The official answers to these questions left much to be desired. Helicopters, for example, weren’t used because they weren’t outfitted for rescue operations. Emergency rescue services had arrived well before the media spotted them; they just weren’t wearing official uniforms or driving official vehicles. As for the animals, government officials insisted they were a public menace and had to be killed.
Late Monday night, two days after the flood, Prime Minister Irakli Garibashvili appeared on television to announce that all the animals had been accounted for. The following morning, Mindia Janelidze, head of the State Security and Crisis Management Council, concurred at a news conference. “There is no threat from wild animals,” he said. “All animals have been accounted for. This information has been double-checked.” Tbilisi Zoo spokesperson Mzia Sharashidze, meanwhile, told reporters a striped hyena, a bear, a tiger, and possibly other animals were still missing and potentially on the loose in the city.
On Wednesday afternoon, a group doing an insurance assessment of a warehouse near Heroes’ Square ran screaming from the building: There was a tiger inside, and it had mauled one of the workers. The other workers broke windows to get out of the building, and the noise of the shattered glass scared away the animal. It was Maximus, a Bengal white tiger. He hadn’t been fed for four days. Special forces were called to the scene and shot him. The mauled worker, a man named Otar Tsukhishvili, 43, was taken to a hospital where he was pronounced dead of a severed carotid artery.
Garibashvili addressed the nation, calling for an investigation. “I want to apologize to the public for distributing false information,” he said. “However, let’s note that we received that information from the zoo administration.” A short while later, Gurielidze himself appeared on television, looking visibly exhausted, to read a statement: “I fully understand that it was because of the notice I gave to the government that it was considered that the danger did not exist anymore, and of course, I am the one to be blamed for all this.”
Gurielidze was summoned to the office of the Tbilisi public prosecutor later that day. He was escorted to a small room and seated across a table from an investigator who demanded to know why the zoo hadn’t kept a proper animal count.
The worker’s death had, apparently, been caused by the double-counting of a dead tiger. The day after the flood, workers had discovered the body of a tiger outside the warehouse in which Maximus would later kill Tsukhishvili. The zoo staff recorded the body, but no one had removed the animal. Then, two days later, someone reported the carcass a second time. A veterinarian from the zoo was dispatched to the location and found it lying in the mud next to a dead bear and ostrich. As he was checking the other animals, government workers on the scene took the tiger away. The veterinarian didn’t have a chance to confirm that it was the same tiger found before, so he counted it again. The zoo caught the error the next morning, realized that at least one tiger was missing, and Gurielidze informed the Ministry of Internal Affairs, several hours before Maximus killed Tsukhishvili. The investigator typed up his testimony.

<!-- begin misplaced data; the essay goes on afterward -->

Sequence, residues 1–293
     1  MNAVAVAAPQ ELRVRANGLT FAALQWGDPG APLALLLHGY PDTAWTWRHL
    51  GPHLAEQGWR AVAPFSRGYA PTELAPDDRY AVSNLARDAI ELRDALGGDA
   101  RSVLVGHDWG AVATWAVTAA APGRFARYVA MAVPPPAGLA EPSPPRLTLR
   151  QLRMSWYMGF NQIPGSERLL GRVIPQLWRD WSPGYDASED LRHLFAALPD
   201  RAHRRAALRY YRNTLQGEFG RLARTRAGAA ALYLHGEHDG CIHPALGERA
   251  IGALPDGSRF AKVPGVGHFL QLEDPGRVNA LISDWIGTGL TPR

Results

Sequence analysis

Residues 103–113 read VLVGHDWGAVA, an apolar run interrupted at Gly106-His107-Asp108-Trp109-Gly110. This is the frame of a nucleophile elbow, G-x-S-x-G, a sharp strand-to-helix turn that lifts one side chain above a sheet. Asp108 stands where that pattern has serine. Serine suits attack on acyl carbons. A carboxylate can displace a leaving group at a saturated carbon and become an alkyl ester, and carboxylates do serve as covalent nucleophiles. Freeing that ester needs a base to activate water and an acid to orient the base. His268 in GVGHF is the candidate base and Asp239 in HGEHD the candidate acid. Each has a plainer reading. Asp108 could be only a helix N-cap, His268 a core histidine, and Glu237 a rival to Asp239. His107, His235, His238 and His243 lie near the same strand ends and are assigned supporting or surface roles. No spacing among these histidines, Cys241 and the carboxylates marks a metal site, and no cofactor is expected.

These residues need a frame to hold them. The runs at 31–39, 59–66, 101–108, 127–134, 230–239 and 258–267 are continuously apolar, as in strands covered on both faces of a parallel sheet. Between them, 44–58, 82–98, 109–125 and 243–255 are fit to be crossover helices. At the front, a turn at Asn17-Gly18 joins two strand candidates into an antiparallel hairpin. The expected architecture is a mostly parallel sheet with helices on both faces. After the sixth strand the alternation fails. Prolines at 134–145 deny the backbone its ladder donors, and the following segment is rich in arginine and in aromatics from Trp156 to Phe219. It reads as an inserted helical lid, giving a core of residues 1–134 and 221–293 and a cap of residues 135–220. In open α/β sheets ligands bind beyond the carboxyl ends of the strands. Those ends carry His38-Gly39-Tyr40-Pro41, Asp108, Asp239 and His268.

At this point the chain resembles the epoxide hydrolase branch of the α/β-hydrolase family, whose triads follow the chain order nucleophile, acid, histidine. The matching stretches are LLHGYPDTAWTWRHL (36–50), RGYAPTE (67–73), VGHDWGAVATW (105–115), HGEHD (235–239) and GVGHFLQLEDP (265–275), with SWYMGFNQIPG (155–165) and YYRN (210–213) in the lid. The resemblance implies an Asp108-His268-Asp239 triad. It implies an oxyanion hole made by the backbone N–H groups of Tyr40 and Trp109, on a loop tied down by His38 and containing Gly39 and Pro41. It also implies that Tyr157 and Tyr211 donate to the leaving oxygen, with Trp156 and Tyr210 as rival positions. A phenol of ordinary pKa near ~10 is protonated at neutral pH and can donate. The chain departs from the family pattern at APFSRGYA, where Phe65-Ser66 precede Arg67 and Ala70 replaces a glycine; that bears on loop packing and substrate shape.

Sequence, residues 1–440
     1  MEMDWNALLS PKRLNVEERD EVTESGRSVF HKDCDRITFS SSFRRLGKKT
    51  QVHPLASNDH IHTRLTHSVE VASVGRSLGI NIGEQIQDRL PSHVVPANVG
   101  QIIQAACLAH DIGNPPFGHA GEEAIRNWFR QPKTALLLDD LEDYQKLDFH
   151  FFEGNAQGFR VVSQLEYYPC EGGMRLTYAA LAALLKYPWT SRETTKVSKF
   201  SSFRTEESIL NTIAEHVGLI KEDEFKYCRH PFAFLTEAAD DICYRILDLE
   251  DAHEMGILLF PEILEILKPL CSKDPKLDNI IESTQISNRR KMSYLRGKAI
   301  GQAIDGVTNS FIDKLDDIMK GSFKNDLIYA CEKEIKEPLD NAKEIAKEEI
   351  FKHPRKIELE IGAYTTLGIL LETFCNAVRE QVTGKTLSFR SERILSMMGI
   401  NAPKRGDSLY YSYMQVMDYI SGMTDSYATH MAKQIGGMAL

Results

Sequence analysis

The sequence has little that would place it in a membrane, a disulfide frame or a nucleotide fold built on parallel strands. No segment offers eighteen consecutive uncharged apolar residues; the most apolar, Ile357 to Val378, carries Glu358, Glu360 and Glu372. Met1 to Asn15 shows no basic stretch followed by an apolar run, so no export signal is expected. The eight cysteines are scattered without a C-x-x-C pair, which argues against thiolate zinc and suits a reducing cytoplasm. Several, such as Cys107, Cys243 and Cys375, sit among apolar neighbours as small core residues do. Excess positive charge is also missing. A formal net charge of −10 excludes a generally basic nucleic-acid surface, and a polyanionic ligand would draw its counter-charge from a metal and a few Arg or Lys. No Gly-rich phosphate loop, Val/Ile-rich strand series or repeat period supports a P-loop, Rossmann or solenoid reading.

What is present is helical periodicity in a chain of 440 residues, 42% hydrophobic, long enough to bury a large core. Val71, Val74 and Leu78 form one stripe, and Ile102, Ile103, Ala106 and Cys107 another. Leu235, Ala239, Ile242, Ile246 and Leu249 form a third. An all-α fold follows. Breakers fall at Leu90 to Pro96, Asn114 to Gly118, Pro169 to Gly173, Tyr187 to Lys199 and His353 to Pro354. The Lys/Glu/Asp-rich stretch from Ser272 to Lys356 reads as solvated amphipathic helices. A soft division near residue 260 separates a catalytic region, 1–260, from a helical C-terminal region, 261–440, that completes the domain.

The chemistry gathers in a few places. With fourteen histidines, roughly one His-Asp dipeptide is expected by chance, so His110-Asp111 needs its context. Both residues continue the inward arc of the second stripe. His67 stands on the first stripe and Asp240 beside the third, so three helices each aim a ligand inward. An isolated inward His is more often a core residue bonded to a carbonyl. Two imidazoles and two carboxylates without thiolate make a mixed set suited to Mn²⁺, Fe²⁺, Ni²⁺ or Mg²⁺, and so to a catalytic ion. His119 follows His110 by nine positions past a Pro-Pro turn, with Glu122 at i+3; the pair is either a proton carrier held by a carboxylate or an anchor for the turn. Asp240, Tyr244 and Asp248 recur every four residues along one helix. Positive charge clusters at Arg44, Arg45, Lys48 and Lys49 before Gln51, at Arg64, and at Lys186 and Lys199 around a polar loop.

Word of Gurielidze’s summons spread quickly. Georgians worried the government was seeking a scapegoat, and this was the first step in a well-rehearsed script of pretrial detention. “He was very defenseless, very vulnerable, and very sincere about the whole thing,” Shaverdashvili, the Georgian journalist, told me. “And we had this very irresponsible statement from the government. It was a huge contrast and a very symbolic one too.” The Georgian Young Lawyers’ Association was concerned enough to send a high-profile attorney to represent him.
Public suspicion of Gurielidze’s treatment was heightened by the fact that no one from the government had been officially interrogated about the killing, just workers from the zoo. “Everybody felt this was a classic maneuver by the government,” said Butkhuzi, the National Geographic editor. “They call you for questioning, and they say on TV it’s just regular questioning. But 90 people out of 100 never leave.”
A Facebook page appeared that afternoon calling on people to protest near the parliament. “Let’s all gather and declare our support for Zurab Gurielidze and demand the resignation of the governments of state and the city,” the page declared. By 7:30 that night, hundreds of people had arrived, blowing whistles and holding up signs: “Keep your hands off!” “Do your job!” They raised their cell phones or held up black-and white printouts of Gurielidze’s photograph.
Meanwhile, in the prosecutor’s office, the interrogation came to an end, and Gurielidze and his lawyer reviewed his typed testimony. The investigator hadn’t recorded the crucial fact that the zoo had informed the Ministry of Internal Affairs about the missing tiger hours before the mauling. It was added only at the lawyer’s insistence. Gurielidze was then released.
As he left the prosecutor’s office, Gurielidze received a call from the prime minister. He backtracked on his televised statements and promised there would be no arrest. He invited Gurielidze to his office for a personal audience, which would give him the opportunity to repeat his about-face in front of TV cameras. (In typical Georgian fashion, he suggested on television that the protest was organized by nefarious elements seeking to undermine the country, namely, the political opposition.) Gurielidze soon learned about the protests in his defense. “It’s hard to explain how I felt. Amazed. This was very touching,” Gurielidze told me. “Maybe it never happened in Georgia before.” The protest had worked.
Evidence of the flood’s destruction was clearly visible when I visited Tbilisi in August. (It reopened to the public on September 13.) The affected neighborhoods were still under repair, with residents hard at work fixing their homes. The stain of the water line high up along some of the buildings was discernible. It altered the color of what remained standing, dividing structures into before and after. Along the Vere, some families would never move back—the government had determined it was too dangerous. The highway was under construction. After all the politicking, it was being rebuilt without any major safety alterations.